Catharism was a dualist heresy that swept through Latin Christendom during the High Middle Ages; its growing popularity alarmed Church authorities. It was called by many names (the Catholic Encyclopedia lists twenty-two) but historians prefer to refer to them collectively as Cathars (“pure ones”, or “puritans”). They believed the physical world was the creation of the evil God of the Old Testament and the spiritual world was formed by the God of the New Testament. It was just the latest version of the recurrent dualist heresies like Gnosticism and Manichaeism, but also resembles elements in contemporary secular society in disturbing ways.
This heresy’s primary requirement was the repudiation of marriage and family. Since the evil physical body was only meant to entrap spirits, marriage and procreation were forbidden. Their spirit-liberating ritual known as consolamentum, similar to the Catholic Last Rites, would be denied to children and pregnant women. Their distain for the human body was so extreme that Cathars celebrated suicide with a ritual of its own known as endura, a form of assisted suicide. Their goal was the destruction of the human race thus enabling the liberation of the spiritual world.
Two things might have accounted for the heresy’s increasing popularity. First, it is agreed among historians that Catholic clergy at the time were generally dissolute and corrupt. In 1100 most priests were married or were living with a concubine and busy pursuing wealth in the manner typical of feudal society. The Cathar equivalent of priests were the perfecti, “perfect ones”. They wore black robes and were chaste, lived in poverty, and were considered incapable of sin. Admired by many for their outward piety, they stood out before the hypocritical Catholic clergy.
The other reason that might explain Catharism’s popularity is rather curious. Cathars who were not one of the perfecti, and this was the vast majority of them, were not held accountable for sin. They were eventually cleansed from all sin by the rite of consolamentum administered on their deathbed, but unlike the Last Rites, remorse for past sins was not a requirement. Since the body was evil, and sin was of no consequence, Cathars became known for their sexual depravity. They specialized in avoiding insemination through medieval methods of contraception, which generally took the form of alternate forms of intercourse or homosexuality. One influential Cathar sect from Bulgaria was known as the “Bugri”; from which the English word “buggery” derives.
Ultimately, this attack on not just marriage and family, but on the human race, would have to be forcibly suppressed (respected historian Denis de Rougemont estimated their number in the millions). Pope Innocent III initiated the Albigensian Crusade in 1209. It succeeded because laws were enacted allowing land-hungry nobles to seize the property of Cathars they defeated in battle. Following the crusade, the newly-formed Inquisition rooted out Cathars that had gone underground, lining up villagers and giving anyone a chance to renounce the heresy. Those that did were taken and then interrogated about the others.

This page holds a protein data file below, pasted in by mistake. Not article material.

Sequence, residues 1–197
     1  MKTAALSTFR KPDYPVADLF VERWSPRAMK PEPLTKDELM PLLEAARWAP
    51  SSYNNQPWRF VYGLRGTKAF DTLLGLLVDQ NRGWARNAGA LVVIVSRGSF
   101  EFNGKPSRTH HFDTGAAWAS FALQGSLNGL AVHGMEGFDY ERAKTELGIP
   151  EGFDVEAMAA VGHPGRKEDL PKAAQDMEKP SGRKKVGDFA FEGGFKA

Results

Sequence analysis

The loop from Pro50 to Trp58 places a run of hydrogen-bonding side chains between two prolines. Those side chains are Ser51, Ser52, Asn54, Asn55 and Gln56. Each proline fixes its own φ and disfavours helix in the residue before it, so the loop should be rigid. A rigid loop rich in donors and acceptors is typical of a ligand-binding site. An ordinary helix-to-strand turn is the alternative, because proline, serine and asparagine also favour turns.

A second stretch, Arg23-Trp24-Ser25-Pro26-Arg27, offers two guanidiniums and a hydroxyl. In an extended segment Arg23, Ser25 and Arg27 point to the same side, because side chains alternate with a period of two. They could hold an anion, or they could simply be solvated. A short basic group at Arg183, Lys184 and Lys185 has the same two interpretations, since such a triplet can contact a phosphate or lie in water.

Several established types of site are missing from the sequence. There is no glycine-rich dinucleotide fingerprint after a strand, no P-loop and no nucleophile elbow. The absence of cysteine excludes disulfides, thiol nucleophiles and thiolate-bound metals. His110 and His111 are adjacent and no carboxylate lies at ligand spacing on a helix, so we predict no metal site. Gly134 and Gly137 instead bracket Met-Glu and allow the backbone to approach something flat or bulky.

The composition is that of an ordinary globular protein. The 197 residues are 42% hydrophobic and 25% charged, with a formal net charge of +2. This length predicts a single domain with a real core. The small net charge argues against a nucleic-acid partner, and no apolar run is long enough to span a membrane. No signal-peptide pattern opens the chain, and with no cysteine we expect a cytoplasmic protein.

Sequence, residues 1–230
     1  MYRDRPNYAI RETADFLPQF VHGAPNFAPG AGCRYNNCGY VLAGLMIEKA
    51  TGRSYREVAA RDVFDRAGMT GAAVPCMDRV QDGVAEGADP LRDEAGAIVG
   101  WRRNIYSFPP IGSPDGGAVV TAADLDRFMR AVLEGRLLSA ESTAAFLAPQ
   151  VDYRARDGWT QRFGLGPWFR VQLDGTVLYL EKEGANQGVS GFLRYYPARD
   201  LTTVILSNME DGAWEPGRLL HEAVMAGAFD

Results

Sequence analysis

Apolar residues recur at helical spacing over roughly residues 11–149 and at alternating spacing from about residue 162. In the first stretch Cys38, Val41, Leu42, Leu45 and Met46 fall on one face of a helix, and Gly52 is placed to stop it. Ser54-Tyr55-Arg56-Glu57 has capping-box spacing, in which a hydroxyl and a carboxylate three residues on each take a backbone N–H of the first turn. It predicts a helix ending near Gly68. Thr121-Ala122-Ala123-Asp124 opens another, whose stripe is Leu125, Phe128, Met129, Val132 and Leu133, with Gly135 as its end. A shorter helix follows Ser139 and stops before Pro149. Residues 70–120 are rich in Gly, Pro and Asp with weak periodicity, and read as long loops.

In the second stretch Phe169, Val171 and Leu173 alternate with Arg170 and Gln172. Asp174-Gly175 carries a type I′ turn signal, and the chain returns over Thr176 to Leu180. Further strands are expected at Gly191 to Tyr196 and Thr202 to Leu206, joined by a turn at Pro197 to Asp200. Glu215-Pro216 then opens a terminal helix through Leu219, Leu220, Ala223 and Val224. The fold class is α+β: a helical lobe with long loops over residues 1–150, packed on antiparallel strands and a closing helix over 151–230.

In an address to the priests of Cologne dated around 1153, St. Hildegard prophesied regarding the fate of the Cathars:
“…[A]fter their perverse worship of Baal and their other depraved works are made known, princes will rush upon them, and will kill them like rabid wolves, wherever they can be found.”
The parallels between Catharism and today’s secularized culture are striking. Today’s leaders advocate the same things: abortion and contraception, homosexuality, assisted suicide, etc. And yet, like the perfecti, they often exhibit a passionate religiosity, claiming the moral high ground while at the same time promoting sexual immorality in spite of its consequenses. There are many in the Church who defend these leaders. The civilization that grew out of the family-oriented culture of Latin Christendom now celebrates its negative birth rates and sexual license as a liberation of humanity.
In the Middle Ages, God used the Cathar perfecti to shame the corrupt clergy to the point of making them social outcasts. This aided the Church’s efforts at reform. By the Fourth Lateran Council (1215) historians generally agree that the reform of the clergy had been achieved; the Cathars were no longer needed and were relatively quickly wiped out.
Today, it is clear that from decades of immigration into Europe from predominantly Muslim countries where birth rates are high, the anti-family ideology of political-correctness will soon be replaced by the religion of Mohamed. Perhaps God will use the Muslims to shame and persecute not just civil society but the Church as well. And like the reform movement of the twelfth-century, the troubled Church will be given an opportunity to achieve a spiritual revival. It is even conceivable that the future renewal of the Church would include a military dimension.